Trichet is bidding adieu at the end of October and this was his last opportunity to reverse the prior rate hike. But he chose instead to ride off to the Hotel du Cap without admitting to one of the worst policy decisions in the history of the ECB.
I doubt he is ceding the white hat opportunity to Mario Draghi, allowing him to cut rates at the first meeting he will chair in November. Perhaps the economic releases yesterday morning may spur the correct decision, in conjunction with recent declines in commodity prices even though Trichet has taken the other side of the inflation trade. Eurozone services PMI fell to 48.8 from 51.5 according to Markit survey, the first month since August 2009 below 50. In other releases, Germany was sub 50 as well, France barely above 50, Italy and Spain continue below 50 at very low levels of 45 but they are already in recession. My guess is that France and Germany experience contractions in economic growth as well.
More importantly, does the troika come up with a major bail out prior to Trichet leaving and before Draghi takes over? Not sure how many EU members want an Italian telling them they have to pony up vast sums to save Italy. Fox guarding the chicken coop? Not quite but this will ratchet up the opposition or lengthen the time to cure if Trichet doesn’t act first.
The Financial Times had the story that wasn’t a story (as updated by FT on 10/5 (click here). On Tuesday, the following two lines squeezed the shorts, lit a fire under those with light exposure and gave us all something to talk about.
“There is an increasingly shared view that we need a concerted, coordinated approach in Europe while many of the elements are done in the member states," Olli Rehn, European commissioner for economic affairs, told the Financial Times. “There is a sense of urgency among ministers and we need to move on."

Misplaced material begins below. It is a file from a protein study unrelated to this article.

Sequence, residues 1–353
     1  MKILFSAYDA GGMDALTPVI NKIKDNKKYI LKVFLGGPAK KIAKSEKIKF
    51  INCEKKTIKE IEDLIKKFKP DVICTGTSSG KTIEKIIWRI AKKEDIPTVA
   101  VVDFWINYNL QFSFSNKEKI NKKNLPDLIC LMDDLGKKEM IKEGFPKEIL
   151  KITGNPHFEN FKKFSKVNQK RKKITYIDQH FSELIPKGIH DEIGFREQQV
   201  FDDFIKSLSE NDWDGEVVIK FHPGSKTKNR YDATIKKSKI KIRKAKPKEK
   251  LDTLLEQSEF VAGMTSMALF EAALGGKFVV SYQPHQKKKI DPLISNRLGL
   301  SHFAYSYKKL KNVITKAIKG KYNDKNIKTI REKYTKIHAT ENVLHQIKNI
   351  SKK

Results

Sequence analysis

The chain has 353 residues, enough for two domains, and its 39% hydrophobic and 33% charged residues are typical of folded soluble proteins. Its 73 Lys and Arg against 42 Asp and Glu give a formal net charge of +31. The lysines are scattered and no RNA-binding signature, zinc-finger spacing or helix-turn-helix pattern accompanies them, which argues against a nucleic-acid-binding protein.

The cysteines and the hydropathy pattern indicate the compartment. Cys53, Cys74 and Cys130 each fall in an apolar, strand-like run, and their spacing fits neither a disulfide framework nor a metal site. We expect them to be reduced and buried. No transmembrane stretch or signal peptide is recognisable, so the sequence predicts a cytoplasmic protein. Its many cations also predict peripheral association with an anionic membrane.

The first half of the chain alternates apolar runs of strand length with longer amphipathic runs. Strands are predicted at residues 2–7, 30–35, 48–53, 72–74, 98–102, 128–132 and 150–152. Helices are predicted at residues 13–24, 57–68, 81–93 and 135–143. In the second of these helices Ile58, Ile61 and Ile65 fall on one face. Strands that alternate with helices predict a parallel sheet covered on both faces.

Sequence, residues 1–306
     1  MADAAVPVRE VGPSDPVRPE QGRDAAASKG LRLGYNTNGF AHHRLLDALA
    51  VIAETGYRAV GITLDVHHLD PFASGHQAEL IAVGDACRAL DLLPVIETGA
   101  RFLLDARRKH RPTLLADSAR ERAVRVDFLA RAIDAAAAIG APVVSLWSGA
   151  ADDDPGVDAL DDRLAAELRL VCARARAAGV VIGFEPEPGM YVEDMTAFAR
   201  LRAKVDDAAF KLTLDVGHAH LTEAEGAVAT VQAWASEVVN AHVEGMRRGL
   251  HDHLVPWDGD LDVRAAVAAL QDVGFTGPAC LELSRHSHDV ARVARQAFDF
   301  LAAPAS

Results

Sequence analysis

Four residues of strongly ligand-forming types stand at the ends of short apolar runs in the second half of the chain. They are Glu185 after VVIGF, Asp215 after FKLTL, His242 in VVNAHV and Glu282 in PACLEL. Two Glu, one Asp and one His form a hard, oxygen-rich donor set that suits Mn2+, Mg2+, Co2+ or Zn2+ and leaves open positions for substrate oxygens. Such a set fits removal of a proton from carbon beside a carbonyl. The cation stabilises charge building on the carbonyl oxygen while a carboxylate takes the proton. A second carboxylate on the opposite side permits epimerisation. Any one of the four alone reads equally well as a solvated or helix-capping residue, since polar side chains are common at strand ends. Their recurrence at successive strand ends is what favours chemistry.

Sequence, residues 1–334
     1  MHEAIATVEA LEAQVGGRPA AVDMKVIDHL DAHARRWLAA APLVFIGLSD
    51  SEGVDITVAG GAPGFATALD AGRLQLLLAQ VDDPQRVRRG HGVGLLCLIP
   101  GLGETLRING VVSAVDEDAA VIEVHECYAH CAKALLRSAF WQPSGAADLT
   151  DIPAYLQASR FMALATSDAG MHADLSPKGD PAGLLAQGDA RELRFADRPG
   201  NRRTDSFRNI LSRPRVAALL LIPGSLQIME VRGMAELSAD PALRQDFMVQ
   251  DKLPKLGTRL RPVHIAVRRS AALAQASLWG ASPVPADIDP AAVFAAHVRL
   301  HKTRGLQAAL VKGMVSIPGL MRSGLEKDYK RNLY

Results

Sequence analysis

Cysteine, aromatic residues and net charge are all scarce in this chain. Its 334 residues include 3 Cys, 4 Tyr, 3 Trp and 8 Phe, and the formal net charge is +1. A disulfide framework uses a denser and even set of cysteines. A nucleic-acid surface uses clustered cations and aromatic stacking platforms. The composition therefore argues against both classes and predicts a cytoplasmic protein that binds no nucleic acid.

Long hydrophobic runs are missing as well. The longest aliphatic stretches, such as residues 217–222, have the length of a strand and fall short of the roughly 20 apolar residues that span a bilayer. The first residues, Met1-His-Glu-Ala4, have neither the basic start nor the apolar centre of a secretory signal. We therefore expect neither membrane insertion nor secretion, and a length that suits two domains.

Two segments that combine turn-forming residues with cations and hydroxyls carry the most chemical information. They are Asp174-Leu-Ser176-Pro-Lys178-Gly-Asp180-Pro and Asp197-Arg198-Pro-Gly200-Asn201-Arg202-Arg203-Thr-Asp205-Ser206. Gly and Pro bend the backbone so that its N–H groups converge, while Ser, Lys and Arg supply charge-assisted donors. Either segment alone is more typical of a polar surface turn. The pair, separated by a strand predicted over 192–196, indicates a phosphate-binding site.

“Capital positions of European banks must be reinforced to provide additional safety margins and thus reduce uncertainty," Mr Rehn said. “This should be regarded as an integral part of the EU’s comprehensive strategy to restore confidence and overcome the crisis ..."
Rehn’s statement was nothing more than an attempt to put a temporary halt to the market crisis, an admirable goal, but hopefully there is ultimately more substance behind it. With the public division in the EU about solutions, I fear any resolution will be a long time in coming. Even the ESFS is flawed with Italy and Spain committing to guarantees of 79 billion euros and 52 billion euros, respectively. And, of course, Greece has agreed to be on the hook for 12 billion. I feel better now.
So the market basically did a hosanna now that it has dawned on the EU finance ministers that they have developed a sense of urgency and should act together. Truth is we don’t know that they will act together but ultimately there has to be a plan. Unfortunately, from where I sit, the plan won’t be good for anyone, particularly the banks. We need a flush of the credit markets with tremendous pain being visited on the private sector because the political will for government to bail out all troubled banks and PIIGS does not exist. The result would be to wipe out the equity of a number of French banks as we are seeing with Dexia, which was originally bailed out in 2008 by France and Belgium.
Now here they go again. Public shareholders have twice suffered significant losses. Dexia (OTC:DXBGF) is also a good example of contagion as the municipalities in the U.S. that do business with Dexia will likely see their borrowing costs increase as a result. And this is a minor case of contagion. It will get worse (plus the 2008 similarities continue with good bank/bad bank solutions that don’t work).
My bet is that Greece defaults in a “controlled" manner (not sure that exists) with limited alimony payments from the EU as a going away gift. At the same time, Italian and Spanish debt issues are ring fenced, the French banks recapitalize after taking significant write downs which almost wipes out equity holders with new shares or debt being backstopped by Germany and France as the main players. France loses its AAA, which is past its sell-by date anyway. We will also see massive liquidity injected into the European financial system causing a further decline in the euro.
I have been slightly increasing my equity exposure because I expect it to be off to the races once a plan is announced. But there are too many potential negative data points in the interim to have any more than a small long position. However, I have taken off my shorts. I'm not worried about missing the first ticks higher. Once "the plan" is announced, we go higher but then economic reality takes over and it's back down. With the slowing in China, Europe and the U.S., I’m highly confident that I can get a better entry point and keep more hair from falling out.